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Joint Workshop on Nucleation

Nucleation is a phenomenon that is important across the entire field of materials science, both for structural changes and for damage.

Joint Workshop on Nucleation

** This event took place already **

On Monday 1 April 2019, the 4TU.Research Centre High-Tech Materials (4TU.HTM) and the Materials Innovation Institute (M2i) were organizing a Joint Workshop on Nucleation in Utrecht (De Witte Vosch). Some pictures can be found here.

Introduction by Jilt Sietsma, scientific director of 4TU.HTM

Full programme (Pdf file)


Nucleation is among the most fascinating processes in materials science, whereas it is crucial for the production and behaviour of all materials. Taking place at the smallest length and time scales, experimental observation is challenging. Theoretical frameworks have been proposed through recent decades, but predictive power is limited for many aspects of nucleation.


This workshop aims to bring scientists and industrial partners with interest and expertise on nucleation throughout the different types of materials and processes together for an exchange of ideas and observations, looking for the crucial characteristics of nucleation.

Keynote speaker

Prof. A. Lindsay Greer

Professor of Materials Science, head of Department of Materials Science & Metallurgy, University of Cambridge

Title: Nucleation of Solidification as an Athermal Process

Textbook treatments of nucleation normally consider it to be a stochastic process: through a series of bimolecular reactions, critical nuclei eventually arise. For both homogeneous and heterogeneous nucleation, the kinetics is commonly considered in terms of the rate of generation of critical nuclei on holding at a fixed temperature. In the practical processing of materials, heterogeneous nucleation is much more likely, and ... [continue reading, Pdf file].

Prof. Greer's (short bio, Pdf file) research interests are: metallic glasses and crystal nucleation, grain refinement in casting, and chalcogenide thin films for phase-change data storage.

Programme Andre ten Elshof

Inorganic Materials Science Group, University of Twente
Nucleation of BaTiO3 ternary oxide nanoparticles at room temperature Gerrit Peters

Theoretical and Applied Rheology. Polymer Technology, Mechanical Engineering, Eindhoven University of Technology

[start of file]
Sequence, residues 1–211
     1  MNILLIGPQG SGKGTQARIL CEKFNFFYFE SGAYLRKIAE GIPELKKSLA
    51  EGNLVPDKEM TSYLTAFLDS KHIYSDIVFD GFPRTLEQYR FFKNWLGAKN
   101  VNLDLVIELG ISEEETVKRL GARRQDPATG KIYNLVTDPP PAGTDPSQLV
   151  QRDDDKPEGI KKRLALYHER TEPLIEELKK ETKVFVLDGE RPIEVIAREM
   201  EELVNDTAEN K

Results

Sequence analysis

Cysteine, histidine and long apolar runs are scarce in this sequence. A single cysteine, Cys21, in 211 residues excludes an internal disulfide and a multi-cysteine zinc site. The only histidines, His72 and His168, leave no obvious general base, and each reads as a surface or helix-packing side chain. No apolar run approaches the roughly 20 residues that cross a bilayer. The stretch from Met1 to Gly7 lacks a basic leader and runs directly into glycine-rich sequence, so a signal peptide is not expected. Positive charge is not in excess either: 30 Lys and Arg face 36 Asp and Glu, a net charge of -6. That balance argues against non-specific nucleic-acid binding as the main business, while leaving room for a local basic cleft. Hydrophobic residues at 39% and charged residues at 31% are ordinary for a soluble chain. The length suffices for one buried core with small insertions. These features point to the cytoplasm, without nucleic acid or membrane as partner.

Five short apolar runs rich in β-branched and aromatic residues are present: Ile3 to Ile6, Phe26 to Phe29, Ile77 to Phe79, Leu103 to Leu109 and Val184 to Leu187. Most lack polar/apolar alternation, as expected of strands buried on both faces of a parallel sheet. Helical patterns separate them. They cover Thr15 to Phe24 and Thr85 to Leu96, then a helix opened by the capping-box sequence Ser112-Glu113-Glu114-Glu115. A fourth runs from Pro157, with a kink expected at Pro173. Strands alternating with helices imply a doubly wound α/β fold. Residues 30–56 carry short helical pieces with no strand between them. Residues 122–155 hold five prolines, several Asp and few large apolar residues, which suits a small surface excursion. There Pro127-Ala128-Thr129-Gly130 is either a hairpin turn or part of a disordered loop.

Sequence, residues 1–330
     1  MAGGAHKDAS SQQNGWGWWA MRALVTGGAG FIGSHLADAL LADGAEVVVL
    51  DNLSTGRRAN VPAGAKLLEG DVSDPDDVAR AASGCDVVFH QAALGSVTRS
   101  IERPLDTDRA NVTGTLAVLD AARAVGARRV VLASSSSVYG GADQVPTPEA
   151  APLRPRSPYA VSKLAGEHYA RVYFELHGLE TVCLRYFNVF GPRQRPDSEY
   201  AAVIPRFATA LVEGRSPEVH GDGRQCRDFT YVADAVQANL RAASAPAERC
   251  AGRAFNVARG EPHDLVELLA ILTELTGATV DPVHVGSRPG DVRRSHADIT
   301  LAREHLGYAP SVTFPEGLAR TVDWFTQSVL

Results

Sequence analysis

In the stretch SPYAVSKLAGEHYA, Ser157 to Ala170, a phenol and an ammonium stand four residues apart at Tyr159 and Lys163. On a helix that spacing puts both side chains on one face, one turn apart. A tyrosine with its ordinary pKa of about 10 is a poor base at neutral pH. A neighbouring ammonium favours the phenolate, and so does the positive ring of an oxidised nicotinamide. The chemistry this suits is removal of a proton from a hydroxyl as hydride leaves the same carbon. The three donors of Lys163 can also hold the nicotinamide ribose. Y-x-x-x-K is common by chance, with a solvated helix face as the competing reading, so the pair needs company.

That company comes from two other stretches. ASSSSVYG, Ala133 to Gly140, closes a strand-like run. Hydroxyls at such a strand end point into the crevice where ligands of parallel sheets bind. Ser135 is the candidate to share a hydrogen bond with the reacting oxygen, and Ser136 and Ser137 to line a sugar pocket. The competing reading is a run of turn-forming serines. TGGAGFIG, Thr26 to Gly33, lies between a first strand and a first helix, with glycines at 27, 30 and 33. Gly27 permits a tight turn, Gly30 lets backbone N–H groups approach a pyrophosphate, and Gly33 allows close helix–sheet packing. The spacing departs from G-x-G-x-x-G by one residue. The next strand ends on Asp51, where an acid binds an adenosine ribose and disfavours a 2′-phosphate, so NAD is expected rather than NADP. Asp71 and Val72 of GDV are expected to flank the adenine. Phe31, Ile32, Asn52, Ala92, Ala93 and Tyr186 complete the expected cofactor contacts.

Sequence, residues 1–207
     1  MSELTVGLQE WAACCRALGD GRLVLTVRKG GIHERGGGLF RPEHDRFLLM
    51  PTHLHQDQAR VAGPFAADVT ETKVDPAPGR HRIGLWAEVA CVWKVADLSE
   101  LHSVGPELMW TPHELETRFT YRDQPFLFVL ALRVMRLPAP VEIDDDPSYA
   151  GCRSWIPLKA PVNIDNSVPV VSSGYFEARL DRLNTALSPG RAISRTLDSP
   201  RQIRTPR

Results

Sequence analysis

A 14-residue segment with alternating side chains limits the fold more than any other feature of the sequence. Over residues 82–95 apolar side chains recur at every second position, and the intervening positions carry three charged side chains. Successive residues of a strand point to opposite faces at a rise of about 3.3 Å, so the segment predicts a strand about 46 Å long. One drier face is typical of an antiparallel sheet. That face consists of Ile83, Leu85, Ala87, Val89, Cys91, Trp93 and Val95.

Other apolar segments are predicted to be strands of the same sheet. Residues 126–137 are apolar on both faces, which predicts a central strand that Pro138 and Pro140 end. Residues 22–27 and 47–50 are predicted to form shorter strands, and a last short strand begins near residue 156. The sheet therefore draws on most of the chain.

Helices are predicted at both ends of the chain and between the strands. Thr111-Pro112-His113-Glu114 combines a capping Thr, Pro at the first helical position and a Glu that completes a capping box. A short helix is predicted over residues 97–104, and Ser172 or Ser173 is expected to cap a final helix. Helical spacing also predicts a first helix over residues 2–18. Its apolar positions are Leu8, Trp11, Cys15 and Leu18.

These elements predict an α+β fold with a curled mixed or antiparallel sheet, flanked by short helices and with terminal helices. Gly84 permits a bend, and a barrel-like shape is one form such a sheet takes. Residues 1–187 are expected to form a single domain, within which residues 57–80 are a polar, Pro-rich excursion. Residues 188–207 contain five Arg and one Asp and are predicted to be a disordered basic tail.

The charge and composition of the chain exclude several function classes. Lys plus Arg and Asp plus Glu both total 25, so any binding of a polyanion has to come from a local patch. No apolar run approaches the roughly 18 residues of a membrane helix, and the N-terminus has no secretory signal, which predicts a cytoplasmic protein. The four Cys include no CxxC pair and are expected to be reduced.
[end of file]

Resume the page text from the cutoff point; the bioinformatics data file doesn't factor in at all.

Flow induced nucleation in polymers

Dr. Joost Duvigneau

Materials Science and Technology of Polymers Group, University of Twente
Foam cell nucleation Erik Offerman

Materials Science and Engineering, Delft University of Technology
Preferential Nucleation during Polymorphic Transformations in Steel Niels van Dijk

Fundamental Aspects of Materials and Energy, Delft University of Technology
Experimental X-ray studies on nucleation phenomena in solids

Simone Dussi PhD

Physical Chemistry and Soft Matter, Wageningen UR
Nucleation of nothing: how disordered materials break

Hanglong Wu MSc

Materials and Interface Chemistry, Eindhoven University of Technology
Using Liquid Phase Electron Microscopy to study Nucleation

Hanglong Wu presented research that was published in a Nature Chemistry paper recently:

Liquid‚Äďliquid phase separation during amphiphilic self-assembly
By Alessandro Ianiro, Hanglong Wu, Mark M. J. van Rijt, M. Paula Vena, Arthur D. A. Keizer, A. Catarina C. Esteves, Remco Tuinier, Heiner Friedrich, Nico A. J. M. Sommerdijk & Joseph P. Patterson. Nature Chemistry 11, pages 320‚Äď328 (2019).

Image: CryoTEM observations of CaCO3¬†thin film formation process with 10‚ÄČmM CaCl2.
From the paper: Microscopic structure of the polymer induced liquid precursor for calcium carbonate.
Y. Xu, K.C.H. Tijssen, P.H.H. Bomans, A. Akiva, H. Friedrich, A.P.M. Kentgens, N.A.J.M. Sommerdijk.
Nature Communications 9 (2018) 2582.

Invitation and registration

We invite you to participate in this workshop. Please, use the registration form to let us know if you are interested in giving a short presentation or bringing a poster.

For more information, please contact Reina Boerrigter (secretary 4TU.HTM).

* Header image is from the work by Xiaoqin Ou: Molecular dynamics simulations of martensitic transformation in iron. Dissertation TU Delft, 2017.